This project was funded by URUGENOMES Project IP011-17/CEI/LC/MB. This funding supported the sequencing of the patients and the capacitation of human resources to analyze the data. The funding body was not involved in any decision regarding experimental design, patient selection nor analysis.

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Authors and Affiliations



CS: Bioinformatic Analysis (Methodology), data analysis and interpretation, wrote the manuscript. MG: Evolutionary and protein structure prediction analysis. Read and edit the manuscript. SR: Genetic diagnosis, data interpretation, read the manuscript. FBY: Clinical assessment of the patient, data interpretation, read the manuscript. AT: Genetic diagnosis, data interpretation, read the manuscript. ND: Genetic diagnosis, data interpretation, read the manuscript. HN: Supervision, funding, project administration, conceptualization, reviewed the manuscript. VR: Clinical evaluation and diagnosis, supervision of patients, data collection, data interpretation, reviewed the manuscript. LS: Bioinformatic Analysis (Methodology), supervision, conceptualization, coordination of data collection and interpretation, wrote the manuscript. All authors have read and approved the manuscript.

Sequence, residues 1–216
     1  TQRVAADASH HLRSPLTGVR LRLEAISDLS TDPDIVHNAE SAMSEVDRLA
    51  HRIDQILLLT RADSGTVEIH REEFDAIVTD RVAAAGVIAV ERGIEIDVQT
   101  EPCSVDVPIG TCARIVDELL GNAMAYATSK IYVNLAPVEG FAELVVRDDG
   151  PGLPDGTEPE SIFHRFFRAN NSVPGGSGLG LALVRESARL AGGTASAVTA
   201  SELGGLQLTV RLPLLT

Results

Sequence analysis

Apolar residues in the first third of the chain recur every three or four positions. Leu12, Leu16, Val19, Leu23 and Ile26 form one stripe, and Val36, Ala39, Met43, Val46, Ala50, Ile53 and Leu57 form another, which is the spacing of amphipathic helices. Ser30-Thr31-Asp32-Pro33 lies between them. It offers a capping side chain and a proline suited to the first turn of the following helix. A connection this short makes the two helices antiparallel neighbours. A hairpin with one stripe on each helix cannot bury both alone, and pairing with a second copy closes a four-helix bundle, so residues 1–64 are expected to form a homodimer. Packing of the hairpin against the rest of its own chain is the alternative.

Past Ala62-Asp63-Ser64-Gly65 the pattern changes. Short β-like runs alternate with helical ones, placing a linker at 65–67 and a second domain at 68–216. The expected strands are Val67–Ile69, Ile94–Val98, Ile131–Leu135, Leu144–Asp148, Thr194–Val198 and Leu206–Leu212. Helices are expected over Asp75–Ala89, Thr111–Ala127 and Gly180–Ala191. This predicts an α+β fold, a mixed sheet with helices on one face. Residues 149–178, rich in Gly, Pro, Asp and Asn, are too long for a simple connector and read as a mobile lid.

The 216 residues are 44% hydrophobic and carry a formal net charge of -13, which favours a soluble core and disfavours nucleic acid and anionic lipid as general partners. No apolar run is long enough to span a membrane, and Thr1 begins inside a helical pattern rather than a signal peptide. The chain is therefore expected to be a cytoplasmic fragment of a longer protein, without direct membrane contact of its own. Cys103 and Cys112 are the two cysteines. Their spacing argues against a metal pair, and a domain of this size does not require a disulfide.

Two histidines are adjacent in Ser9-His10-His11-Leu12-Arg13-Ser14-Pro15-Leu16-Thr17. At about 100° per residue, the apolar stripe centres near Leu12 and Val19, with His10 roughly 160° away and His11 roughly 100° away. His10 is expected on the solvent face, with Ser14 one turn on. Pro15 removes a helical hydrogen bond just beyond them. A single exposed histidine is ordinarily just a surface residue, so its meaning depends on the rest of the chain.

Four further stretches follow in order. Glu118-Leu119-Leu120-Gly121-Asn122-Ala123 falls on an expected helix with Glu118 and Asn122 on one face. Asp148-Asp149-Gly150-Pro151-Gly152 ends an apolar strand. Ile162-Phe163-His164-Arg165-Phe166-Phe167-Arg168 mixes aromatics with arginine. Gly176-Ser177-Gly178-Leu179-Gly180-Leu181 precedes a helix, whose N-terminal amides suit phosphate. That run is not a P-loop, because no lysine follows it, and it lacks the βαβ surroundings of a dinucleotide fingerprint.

Corresponding author

Correspondence to Lucía Spangenberg.

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The patient and his family accepted to participate in the study, and granted permission for the publication of the results involved. This study was approved by the ethics committee of Institut Pasteur de Montevideo (IP011-17/CEI/LC/MB).

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The patient and his family granted permission for the publication of the results involved. Written informed consent was obtained from the patient’s family to the submission of the case report.

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Simoes, C., Graña, M., Rodriguez, S. et al. Novel frameshift mutation in LIS1 gene is a probable cause of lissencephaly: a case report. BMC Pediatr 22, 545 (2022).